The Law of Karma
Karma, also known as Karman is a basic concept common to Hinduism, Buddhism, and Jainism. The doctrine of Karma states that one's state in this life is a result of actions both physical and mental in past carnations, and action in this life can determine one's destiny in future incarnations. Karma is a natural, impersonal law of moral cause and effect and has no connection with the idea of a supreme power that decrees punishment of forgiveness of sins. Karmic law is universally applicable, and only those who have attained liberation from rebirth, called mukti (or moksha) or nirvana, can be transcend it. (The Columbia Encyclopedia)
Fundamental consciousness can be compared to a ground that receives imprints or seeds left by our actions. Once planted, these seeds remain in the ground of fundamental consciousness until the conditions for their germination and ripening have come together... the linking of the different steps of this process, from the causes, the initial acts, up to their consequences, present and future experiences or causation of actions. In the sense that good or positive energy omitted by one individual will transfer that energy among another being until such a time even if that energy has morphed into different forms it will eventually return to the person that created it. This is also true to it's opposite, such as; if you were to cheat on a significant other breaking their heart while you are left unharmed, in other words something done that is negative towards someone, that energy is then brought back to you in a negative way also.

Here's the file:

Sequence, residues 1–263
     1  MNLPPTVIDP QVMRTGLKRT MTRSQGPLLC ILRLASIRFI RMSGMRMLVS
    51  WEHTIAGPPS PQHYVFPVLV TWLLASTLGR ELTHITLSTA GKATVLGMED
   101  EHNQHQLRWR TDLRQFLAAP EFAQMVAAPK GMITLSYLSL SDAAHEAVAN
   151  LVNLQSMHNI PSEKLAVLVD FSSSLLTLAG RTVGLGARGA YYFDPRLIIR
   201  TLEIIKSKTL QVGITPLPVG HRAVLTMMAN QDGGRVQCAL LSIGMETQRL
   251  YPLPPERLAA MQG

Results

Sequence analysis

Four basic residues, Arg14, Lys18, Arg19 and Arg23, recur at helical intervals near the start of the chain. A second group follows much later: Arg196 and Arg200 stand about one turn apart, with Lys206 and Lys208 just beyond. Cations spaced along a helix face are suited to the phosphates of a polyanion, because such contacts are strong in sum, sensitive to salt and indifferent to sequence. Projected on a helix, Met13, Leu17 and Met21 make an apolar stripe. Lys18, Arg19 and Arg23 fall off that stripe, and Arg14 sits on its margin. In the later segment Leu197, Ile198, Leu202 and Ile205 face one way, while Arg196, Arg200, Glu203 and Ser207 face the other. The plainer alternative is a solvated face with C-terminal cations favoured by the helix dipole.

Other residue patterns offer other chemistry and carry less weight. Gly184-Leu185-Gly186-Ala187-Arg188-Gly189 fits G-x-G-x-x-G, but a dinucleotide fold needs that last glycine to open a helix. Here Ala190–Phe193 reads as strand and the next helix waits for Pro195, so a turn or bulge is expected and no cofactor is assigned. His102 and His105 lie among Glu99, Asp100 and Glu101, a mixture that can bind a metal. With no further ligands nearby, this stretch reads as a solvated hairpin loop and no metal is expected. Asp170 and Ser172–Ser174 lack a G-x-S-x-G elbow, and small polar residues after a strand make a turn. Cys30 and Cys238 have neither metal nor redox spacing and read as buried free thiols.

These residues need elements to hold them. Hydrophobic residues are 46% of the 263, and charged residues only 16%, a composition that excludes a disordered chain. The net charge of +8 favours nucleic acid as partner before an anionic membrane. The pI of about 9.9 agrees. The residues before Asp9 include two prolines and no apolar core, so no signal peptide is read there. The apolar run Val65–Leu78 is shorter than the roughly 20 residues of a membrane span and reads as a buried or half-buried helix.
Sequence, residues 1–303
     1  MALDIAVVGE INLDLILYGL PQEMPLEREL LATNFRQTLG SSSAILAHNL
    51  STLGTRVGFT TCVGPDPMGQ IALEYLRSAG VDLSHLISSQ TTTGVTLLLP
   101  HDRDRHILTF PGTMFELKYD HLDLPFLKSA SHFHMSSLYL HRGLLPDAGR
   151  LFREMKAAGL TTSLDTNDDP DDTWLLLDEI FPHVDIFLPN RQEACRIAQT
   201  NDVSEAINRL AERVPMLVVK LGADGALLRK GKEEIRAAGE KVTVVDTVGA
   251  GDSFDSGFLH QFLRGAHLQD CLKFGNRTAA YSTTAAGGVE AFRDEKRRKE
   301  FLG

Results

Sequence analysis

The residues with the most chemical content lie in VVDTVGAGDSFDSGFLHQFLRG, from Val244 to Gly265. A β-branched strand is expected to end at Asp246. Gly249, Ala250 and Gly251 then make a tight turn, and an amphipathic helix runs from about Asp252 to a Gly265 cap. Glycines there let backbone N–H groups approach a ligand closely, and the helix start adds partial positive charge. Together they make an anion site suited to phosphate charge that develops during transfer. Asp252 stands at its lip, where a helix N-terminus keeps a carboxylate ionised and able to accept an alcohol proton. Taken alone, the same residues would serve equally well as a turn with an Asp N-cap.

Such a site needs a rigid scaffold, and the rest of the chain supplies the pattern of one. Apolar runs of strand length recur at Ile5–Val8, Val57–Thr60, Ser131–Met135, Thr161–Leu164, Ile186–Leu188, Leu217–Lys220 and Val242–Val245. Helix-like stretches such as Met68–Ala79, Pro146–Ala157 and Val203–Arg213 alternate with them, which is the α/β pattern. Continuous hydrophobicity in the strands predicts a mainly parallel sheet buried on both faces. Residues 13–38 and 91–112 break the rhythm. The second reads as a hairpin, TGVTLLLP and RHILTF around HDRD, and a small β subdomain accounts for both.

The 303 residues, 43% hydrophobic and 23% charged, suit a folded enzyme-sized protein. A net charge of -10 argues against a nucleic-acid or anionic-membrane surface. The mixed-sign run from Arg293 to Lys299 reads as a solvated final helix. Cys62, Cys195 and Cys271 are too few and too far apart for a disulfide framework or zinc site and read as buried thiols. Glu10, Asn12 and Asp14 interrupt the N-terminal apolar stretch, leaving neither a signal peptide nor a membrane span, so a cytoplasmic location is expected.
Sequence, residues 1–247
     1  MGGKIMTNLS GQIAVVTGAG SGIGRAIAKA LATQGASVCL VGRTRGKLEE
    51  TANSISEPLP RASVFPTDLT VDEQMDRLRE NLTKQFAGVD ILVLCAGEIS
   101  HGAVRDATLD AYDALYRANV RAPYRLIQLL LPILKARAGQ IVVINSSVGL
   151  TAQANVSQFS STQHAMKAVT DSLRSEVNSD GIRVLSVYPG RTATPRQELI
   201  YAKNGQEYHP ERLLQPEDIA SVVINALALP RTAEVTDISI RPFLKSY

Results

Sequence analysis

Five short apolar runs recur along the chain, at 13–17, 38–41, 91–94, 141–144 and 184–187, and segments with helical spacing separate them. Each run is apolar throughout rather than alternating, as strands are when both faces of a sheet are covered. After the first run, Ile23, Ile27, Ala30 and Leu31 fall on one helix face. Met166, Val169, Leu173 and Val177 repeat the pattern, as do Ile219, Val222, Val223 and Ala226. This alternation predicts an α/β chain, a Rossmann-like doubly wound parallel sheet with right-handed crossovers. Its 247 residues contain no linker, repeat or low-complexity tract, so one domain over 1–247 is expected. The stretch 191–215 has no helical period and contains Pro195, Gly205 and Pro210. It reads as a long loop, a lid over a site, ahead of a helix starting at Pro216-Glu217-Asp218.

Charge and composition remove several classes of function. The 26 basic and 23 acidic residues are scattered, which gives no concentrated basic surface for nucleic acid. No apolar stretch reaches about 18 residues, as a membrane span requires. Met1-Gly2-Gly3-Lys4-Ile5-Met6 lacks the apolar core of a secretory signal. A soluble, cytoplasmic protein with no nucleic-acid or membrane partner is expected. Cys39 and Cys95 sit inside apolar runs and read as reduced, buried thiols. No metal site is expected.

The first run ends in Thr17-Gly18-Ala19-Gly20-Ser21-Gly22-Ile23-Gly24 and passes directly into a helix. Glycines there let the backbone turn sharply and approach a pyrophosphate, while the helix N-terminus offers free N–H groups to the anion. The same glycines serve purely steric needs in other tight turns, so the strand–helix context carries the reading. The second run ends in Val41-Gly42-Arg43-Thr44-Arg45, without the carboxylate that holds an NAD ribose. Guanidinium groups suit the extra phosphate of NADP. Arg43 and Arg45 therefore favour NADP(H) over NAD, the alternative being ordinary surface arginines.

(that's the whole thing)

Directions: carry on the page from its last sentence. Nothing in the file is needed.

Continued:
The theory of Karma is the theory of cause and effect, of action and reaction; it is a natural law, which has nothing to do with the idea of justice or reward and punishment. Every volitional action produces good effects, it is not justice, or reward, meted out by anybody or any power sitting in judgment of your action, but this is in virtue of its own nature, its own law. In the Buddhist theory of Karma it has a specific meaning: it means only "volition action" not all action. Nor does it mean the result of Karma as many people wrongly and loosely use it. In Buddhist terminology Karma never means its effects; its effect is known as the "fruit" or the "result" of Karma. (Walpola Rahula , p30)
The doctrine of Karma and rebirth represents perhaps the most striking difference between Western (Judeo-Christian and Islamic) religious thought and the great Indian religious tradition (Hindu, Buddhist, Jain). To be sure, Western theology also makes use of a retributive...